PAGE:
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Grounded Globalism (07 Edition)


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The world is flat? Maybe not, says this paradigm-shifting study of globalism's impact on a region legendarily resistant to change. The U.S. South, long defined in terms of its differences with the U.S. North, is moving out of this national and oppositional frame of reference into one that is more international and integrative. Likewise, as the South (home to UPS, CNN, KFC, and other international brands) goes global, people are emigrating there from countries like India, Mexico, and Vietnam--and becoming southerners. Much has been made of the demographic and economic aspects of this shift. Until now, though, no one has systematically shown what globalism means to the southern sense of self.

Anthropologist James L. Peacock looks at the South of both the present and the past to develop the idea of "grounded globalism," in which global forces and local cultures rooted in history, tradition, and place reverberate against each other in mutually sustaining and energizing ways. Peacock's focus is on a particular part of the world; however, his model is widely relevant: "Some kind of grounding in locale is necessary to human beings."

Grounded Globalism draws on perspectives from fields as diverse as ecology, anthropology, religion, and history to move us beyond the model, advanced by such scholars as C. Vann Woodward, that depicts the South as a region paralyzed by the burden of its past. Peacock notes that, while globalism may lift old burdens, it may at the same time impose new ones. He also maintains that earlier regional identities have not been replaced by the rootless cosmopolitanism of cyberspace or other abstracted systems. Attachments to place remain, even as worldwide markets erase boundaries and flatten out differences and distinctions among nations. Those attachments exert their own pressures back on globalism, says Peacock, with subtle strengths we should not discount.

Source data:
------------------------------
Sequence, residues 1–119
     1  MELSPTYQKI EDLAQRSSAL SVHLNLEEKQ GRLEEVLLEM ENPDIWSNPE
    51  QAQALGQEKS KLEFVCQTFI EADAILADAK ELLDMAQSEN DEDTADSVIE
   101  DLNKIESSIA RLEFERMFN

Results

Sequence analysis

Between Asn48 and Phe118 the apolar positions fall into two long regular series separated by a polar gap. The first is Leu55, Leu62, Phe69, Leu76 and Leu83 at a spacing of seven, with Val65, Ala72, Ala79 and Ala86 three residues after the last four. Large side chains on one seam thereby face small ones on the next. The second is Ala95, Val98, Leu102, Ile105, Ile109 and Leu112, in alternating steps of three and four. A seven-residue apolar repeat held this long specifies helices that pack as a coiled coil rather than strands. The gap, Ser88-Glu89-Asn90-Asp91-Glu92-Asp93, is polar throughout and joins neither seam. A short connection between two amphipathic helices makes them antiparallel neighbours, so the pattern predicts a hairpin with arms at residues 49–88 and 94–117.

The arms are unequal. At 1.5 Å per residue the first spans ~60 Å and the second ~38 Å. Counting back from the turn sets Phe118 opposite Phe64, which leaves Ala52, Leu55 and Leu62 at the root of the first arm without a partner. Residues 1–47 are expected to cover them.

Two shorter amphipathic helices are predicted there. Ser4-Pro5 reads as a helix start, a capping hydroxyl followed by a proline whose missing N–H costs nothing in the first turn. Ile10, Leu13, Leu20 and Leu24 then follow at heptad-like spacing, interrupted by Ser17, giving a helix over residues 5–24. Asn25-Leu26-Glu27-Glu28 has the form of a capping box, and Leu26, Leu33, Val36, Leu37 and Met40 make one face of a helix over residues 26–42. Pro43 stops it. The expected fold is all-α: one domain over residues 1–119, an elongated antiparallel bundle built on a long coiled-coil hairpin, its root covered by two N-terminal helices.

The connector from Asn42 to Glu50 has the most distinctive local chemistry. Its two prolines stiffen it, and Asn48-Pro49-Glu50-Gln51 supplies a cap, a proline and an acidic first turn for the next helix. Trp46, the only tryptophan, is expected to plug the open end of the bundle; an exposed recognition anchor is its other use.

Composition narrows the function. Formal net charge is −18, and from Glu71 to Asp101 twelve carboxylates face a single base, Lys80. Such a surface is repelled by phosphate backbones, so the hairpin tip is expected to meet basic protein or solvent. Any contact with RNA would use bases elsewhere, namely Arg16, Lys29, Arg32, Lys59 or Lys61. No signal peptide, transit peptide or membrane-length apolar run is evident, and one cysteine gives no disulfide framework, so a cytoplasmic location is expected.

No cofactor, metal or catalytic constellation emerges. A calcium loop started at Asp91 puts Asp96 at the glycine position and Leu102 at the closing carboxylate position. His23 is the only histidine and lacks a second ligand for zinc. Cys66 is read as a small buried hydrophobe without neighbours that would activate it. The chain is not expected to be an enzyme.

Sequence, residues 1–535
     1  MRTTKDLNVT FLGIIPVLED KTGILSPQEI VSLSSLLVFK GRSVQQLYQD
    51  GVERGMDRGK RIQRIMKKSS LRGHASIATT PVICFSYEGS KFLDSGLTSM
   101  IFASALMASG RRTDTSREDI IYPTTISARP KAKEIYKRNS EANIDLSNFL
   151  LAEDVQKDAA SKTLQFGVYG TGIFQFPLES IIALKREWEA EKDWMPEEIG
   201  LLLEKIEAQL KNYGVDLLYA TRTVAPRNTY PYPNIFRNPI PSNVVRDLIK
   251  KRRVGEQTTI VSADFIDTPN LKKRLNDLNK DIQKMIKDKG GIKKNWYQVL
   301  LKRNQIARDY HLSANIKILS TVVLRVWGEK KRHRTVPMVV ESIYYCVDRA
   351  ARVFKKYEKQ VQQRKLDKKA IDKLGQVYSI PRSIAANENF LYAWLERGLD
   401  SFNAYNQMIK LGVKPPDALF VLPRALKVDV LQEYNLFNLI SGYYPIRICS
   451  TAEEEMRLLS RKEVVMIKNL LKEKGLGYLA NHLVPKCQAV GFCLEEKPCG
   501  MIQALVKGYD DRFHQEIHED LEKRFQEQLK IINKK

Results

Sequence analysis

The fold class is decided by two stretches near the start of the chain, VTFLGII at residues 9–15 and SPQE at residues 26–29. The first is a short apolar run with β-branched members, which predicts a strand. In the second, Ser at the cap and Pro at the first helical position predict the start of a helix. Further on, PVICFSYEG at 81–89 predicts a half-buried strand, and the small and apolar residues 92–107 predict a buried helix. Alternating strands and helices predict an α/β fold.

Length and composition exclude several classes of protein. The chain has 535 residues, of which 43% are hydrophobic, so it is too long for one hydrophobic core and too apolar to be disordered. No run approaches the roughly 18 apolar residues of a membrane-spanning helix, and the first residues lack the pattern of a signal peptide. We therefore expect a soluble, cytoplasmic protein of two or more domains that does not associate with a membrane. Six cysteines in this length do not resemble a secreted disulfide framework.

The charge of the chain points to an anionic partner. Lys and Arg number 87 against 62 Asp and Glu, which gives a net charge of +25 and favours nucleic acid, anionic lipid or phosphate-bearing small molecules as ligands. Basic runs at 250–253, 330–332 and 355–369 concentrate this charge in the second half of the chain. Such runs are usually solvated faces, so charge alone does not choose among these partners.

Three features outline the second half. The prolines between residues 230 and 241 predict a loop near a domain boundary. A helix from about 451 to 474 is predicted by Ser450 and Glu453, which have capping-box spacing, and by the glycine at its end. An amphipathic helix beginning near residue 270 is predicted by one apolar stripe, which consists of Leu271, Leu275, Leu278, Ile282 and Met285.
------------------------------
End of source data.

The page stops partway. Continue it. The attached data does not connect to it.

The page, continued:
About the Author

James L. Peacock, Kenan Professor of Anthropology at the University of North Carolina, Chapel Hill, was president of the American Anthropological Association from 1993 to 1995. In 1995 Peacock was inducted into the American Academy of Arts and Sciences, and in 2002 the American Anthropological Association awarded him the prestigious Franz Boas Award for Exemplary Service to Anthropology. His visiting professorships have taken him to Princeton University, Yale University, Oxford University, University of California at San Diego, and the Institute of Southeast Asian Studies in Singapore. Dr. Peacock has authored or edited more than fifteen books, including the widely taught overview The Anthropological Lens. His articles, papers, reviews, commentaries, and other writings number in the hundreds.

Table of Contents

Preface ix

part one. orientation

one A Model 3

two The South as/in the World 14

part two. trends

three From Oppositionality to Integration 47

four Dualism to Pluralism: Global Diversity on Southern Ground 76

five Southern Space: From Sense of Place to Force Field 102

part three. meaning and action

six Meaning: Religion in the Global South 137

seven Subjectivities: Meaning Making in the Changing South 156

eight Politics: Is Globalism Liberal? Is a Local Focus Conservative? 184

Conclusions 220

Notes 259

Bibliography 279

Index 295

Product Details

Peacock, James L.
University of Georgia Press
United States - State & Local - South
United States - 20th Century
World History-General
Anthropology - Cultural
Edition Description:
Trade Paper
New Southern Studies
Publication Date:
9 x 6 x 0.72 in 1.05 lb

Related Subjects

Business » International
History and Social Science » Anthropology » Cultural Anthropology
History and Social Science » Politics » General
History and Social Science » US History » 20th Century » General
History and Social Science » World History » General

Grounded Globalism (07 Edition) New Trade Paper
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Product details 328 pages University of Georgia Press - English 9780820334721 Reviews:
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